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European car sales slide as Brexit cuts confidence
July 16, 2016
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PARIS: European car-sales growth slowed in June as the British vote on exiting the European Union weighed on business and consumer confidence.

Registrations rose 6.5 per cent from a year earlier to 1.51 million vehicles, the weakest gain since March, as demand in the UK, the region’s second-biggest market, slid 0.8 per cent. First-half sales increased 9.1 per cent to 8.09 million cars, the European Automobile Manufacturers Association (ACEA), said on Friday in a statement.

The June 23 referendum that approved the UK’s departure from the EU, known as Brexit, will probably hold back economic growth in countries using the euro, according to the European Central Bank, which has been keeping interest rates at or below zero in a stimulus drive. Prior to the vote, gauges of U.K. and euro-area economic confidence fell amid questions about how a pullout may affect companies and households. Most automotive shares have yet to fully recover from a global stock-market plunge that followed the ballot, while the pound is trading near a three-year low to the euro.

“Drastically reduced consumer confidence in the UK following the Brexit vote will probably result in a significant hit to sales,” Peter Fuss, an automotive analyst at consulting firm EY, said in a report. “Not least the German carmakers will see an impact in the form of lower exports to the UK, as cars made in Germany get more expensive for British buyers because of the weak pound.”

Renault posted the strongest European sales growth last month among the region’s 10 largest car sellers, with a 20 per cent surge propelled by the main brand’s Captur, Kadjar and Espace crossovers. Daimler ranked next with a 16 per cent jump, boosted by demand for sport utility vehicles at the Mercedes-Benz luxury nameplate. BMW AG, Daimler’s main competitor, also delivered 16 per cent more cars in the region.

European sales by market leader Volkswagen, the German manufacturer mired in a diesel emissions-test cheating scandal, rose 1 per cent in June, held back by declines at the namesake VW brand and Seat and Porsche divisions and by stagnant demand at the Audi marque. Its six-month market share narrowed to 23.8 per cent from 24.9 per cent a year earlier, remaining at the lowest since 2011. June deliveries fell at PSA Group, the owner of the Peugeot and Citroen nameplates, as well as at Ford Motor and Nissan Motor.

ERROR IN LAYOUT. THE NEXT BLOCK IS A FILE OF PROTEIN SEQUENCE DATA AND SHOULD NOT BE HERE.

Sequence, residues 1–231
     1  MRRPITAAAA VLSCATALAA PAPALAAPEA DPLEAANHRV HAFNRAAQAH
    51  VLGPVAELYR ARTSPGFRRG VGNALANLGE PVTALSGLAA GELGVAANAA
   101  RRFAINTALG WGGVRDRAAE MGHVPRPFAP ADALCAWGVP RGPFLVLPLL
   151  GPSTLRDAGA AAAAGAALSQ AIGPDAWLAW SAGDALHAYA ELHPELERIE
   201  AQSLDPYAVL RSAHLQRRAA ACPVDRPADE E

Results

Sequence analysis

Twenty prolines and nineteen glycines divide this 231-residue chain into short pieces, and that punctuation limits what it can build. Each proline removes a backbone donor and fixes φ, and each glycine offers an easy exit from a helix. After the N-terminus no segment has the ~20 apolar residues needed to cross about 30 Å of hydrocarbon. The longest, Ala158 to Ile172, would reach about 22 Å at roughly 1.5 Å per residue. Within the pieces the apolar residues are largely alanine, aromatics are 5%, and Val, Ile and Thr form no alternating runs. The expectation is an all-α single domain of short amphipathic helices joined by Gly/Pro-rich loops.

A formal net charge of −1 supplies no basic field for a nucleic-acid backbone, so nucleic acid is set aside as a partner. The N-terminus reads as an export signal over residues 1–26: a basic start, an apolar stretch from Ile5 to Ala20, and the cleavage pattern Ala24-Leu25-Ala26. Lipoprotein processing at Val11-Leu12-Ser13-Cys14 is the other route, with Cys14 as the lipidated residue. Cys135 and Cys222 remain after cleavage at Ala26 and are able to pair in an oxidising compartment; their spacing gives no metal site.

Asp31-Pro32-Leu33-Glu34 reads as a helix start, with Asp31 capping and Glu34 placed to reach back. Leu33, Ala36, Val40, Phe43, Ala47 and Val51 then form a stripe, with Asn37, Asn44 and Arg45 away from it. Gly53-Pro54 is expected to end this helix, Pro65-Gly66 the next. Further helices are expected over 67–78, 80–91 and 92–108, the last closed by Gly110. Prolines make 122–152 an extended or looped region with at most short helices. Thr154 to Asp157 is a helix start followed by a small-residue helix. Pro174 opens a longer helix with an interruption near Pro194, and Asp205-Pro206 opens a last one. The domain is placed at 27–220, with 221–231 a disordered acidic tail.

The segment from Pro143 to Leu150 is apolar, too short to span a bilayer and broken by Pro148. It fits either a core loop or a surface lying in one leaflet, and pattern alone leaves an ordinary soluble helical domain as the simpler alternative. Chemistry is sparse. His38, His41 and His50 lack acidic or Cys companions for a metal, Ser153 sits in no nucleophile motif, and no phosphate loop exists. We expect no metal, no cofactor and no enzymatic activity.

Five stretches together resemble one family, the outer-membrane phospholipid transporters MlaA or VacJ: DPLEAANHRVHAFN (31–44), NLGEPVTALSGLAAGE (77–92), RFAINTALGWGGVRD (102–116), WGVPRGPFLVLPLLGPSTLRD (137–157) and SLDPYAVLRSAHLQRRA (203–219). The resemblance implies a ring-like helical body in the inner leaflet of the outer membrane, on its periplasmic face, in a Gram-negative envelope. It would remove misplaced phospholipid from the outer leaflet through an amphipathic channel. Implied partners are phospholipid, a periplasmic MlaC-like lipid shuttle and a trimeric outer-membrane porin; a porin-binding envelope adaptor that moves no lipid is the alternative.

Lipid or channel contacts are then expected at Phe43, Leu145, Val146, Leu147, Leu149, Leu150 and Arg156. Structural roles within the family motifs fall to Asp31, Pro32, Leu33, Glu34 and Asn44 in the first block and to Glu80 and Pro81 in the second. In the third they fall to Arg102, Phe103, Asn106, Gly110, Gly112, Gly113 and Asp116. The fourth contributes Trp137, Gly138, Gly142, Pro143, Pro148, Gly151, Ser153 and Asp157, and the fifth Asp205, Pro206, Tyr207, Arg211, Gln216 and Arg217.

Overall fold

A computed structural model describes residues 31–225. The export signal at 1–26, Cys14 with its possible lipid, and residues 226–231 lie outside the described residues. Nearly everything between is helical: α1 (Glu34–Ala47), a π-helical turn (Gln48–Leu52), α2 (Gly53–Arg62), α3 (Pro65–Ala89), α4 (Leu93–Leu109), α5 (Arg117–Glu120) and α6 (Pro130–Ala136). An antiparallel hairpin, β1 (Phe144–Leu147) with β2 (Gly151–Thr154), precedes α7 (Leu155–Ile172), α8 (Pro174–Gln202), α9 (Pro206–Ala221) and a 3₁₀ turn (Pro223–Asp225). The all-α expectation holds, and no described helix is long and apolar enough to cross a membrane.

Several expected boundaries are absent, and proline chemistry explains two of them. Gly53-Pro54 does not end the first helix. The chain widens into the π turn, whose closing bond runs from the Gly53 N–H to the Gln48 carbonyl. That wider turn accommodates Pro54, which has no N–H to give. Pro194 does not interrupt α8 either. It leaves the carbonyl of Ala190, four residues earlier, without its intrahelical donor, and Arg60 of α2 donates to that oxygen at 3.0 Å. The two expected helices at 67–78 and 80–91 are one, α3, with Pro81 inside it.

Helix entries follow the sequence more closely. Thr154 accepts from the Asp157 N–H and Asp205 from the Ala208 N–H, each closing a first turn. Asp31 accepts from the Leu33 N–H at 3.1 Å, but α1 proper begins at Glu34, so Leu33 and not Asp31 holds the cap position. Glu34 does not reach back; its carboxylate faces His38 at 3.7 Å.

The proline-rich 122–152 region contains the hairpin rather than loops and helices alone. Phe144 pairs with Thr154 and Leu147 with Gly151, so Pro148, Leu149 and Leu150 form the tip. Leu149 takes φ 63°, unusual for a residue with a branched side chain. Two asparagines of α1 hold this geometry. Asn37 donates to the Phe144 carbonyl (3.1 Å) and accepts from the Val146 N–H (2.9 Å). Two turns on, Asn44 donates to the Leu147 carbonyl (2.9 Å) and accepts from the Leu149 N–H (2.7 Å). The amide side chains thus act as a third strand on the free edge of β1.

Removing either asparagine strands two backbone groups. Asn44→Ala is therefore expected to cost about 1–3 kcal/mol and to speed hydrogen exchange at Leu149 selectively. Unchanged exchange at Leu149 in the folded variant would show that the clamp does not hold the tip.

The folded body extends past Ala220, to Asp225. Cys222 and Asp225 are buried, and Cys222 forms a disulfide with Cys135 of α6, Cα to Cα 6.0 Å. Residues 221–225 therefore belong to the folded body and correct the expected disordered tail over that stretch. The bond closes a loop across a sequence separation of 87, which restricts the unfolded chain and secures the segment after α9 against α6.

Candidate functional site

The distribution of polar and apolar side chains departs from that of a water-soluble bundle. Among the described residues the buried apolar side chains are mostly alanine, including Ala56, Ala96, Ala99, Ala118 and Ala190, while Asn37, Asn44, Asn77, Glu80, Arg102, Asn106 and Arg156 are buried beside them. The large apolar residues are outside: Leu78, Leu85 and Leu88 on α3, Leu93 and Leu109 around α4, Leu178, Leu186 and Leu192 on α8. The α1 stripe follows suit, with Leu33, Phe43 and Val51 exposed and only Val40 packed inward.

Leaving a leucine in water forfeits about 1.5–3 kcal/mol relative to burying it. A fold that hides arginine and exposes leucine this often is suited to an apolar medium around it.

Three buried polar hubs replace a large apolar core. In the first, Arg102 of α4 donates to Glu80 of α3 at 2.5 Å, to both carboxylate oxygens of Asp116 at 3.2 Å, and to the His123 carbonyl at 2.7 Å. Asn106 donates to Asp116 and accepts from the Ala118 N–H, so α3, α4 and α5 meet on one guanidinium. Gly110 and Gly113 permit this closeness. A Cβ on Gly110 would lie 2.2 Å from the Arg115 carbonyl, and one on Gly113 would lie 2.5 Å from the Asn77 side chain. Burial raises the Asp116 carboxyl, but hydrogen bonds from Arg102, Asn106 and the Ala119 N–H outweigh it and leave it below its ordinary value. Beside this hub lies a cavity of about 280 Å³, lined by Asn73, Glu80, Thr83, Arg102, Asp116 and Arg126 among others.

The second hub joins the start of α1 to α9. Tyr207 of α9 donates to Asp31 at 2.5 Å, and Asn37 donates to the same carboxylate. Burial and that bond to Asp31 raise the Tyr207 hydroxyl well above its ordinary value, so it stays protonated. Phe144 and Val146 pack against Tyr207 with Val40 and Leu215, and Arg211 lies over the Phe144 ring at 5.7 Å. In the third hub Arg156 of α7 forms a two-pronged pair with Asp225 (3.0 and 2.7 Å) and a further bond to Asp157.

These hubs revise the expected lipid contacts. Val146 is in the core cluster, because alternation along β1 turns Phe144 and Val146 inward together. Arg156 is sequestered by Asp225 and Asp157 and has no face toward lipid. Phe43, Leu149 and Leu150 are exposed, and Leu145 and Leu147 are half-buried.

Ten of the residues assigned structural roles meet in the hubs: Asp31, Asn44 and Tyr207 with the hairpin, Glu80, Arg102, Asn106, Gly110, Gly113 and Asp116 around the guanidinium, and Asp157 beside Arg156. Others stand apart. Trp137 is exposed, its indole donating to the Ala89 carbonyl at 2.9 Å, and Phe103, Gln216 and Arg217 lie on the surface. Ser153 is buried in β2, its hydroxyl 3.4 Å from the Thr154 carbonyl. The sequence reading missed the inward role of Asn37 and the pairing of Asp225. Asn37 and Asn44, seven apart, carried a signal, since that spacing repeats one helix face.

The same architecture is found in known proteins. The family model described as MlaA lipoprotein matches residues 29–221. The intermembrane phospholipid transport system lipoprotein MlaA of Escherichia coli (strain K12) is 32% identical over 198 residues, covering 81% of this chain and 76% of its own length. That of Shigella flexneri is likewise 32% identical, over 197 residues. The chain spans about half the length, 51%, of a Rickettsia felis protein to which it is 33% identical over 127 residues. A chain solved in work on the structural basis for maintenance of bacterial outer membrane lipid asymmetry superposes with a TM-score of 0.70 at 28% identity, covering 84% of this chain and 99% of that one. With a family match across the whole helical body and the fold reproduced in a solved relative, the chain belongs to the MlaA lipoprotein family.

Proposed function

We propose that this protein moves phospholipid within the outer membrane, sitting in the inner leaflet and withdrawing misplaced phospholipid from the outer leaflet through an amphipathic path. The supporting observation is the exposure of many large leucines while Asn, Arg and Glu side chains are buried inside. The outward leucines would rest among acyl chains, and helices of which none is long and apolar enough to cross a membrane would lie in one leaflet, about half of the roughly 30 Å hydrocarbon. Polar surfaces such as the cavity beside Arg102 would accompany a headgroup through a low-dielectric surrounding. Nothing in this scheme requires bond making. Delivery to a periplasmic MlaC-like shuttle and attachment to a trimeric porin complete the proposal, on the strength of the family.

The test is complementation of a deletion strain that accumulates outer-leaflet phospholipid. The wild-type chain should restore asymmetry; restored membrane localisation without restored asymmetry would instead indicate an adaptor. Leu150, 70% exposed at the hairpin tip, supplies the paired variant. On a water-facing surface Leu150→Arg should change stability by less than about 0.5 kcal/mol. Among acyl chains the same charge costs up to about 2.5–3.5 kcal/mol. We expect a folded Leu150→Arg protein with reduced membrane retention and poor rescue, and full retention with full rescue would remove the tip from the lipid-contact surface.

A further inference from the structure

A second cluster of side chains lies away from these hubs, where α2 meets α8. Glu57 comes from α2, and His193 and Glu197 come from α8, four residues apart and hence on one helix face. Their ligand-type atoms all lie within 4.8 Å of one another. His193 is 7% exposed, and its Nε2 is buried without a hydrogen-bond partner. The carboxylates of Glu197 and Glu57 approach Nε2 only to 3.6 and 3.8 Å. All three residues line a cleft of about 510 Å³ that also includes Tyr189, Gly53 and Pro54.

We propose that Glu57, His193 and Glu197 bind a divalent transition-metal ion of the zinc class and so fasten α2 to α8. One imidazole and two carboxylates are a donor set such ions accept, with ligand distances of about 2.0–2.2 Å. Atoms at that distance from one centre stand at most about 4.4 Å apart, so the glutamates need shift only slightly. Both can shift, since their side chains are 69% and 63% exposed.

Meanwhile, European stocks retreated from a three-week high, led by shares in France after a deadly terror attack in Nice. In Asia, equities rose for a fifth day as Chinese economic data beat estimates amid a strong start to the corporate earnings season.

The Stoxx Europe 600 Index pared its weekly advance after the attack, which killed at least 80 and prompted France to extend a state of emergency. The MSCI Asia Pacific Index briefly exceeded its highest close of the year as the Hong Kong-listed stocks of Chinese companies extended their biggest weekly gain in four months and Taiwan’s equities entered a bull market. Japan’s Topix index capped its best week since 2009 and the yen traded near pre-Brexit levels on prospects for stimulus. The pound strengthened, oil fell and gold was poised for its first weekly loss since May.

More than $4 trillion has been added to the value of global equities since June 27 as the US economy outperforms projections and speculation mounts that policy makers will take steps to limit the fallout from the UK’s vote to leave the European Union. Laurence D. Fink, who runs the world’s largest asset manager as chief executive officer of BlackRock, said the stock rally is unlikely to be sustained without support from corporate profits. The earnings season got off to a promising start this week, with JPMorgan Chase and Alcoa exceeding estimates along with Daimler.

Bloomberg

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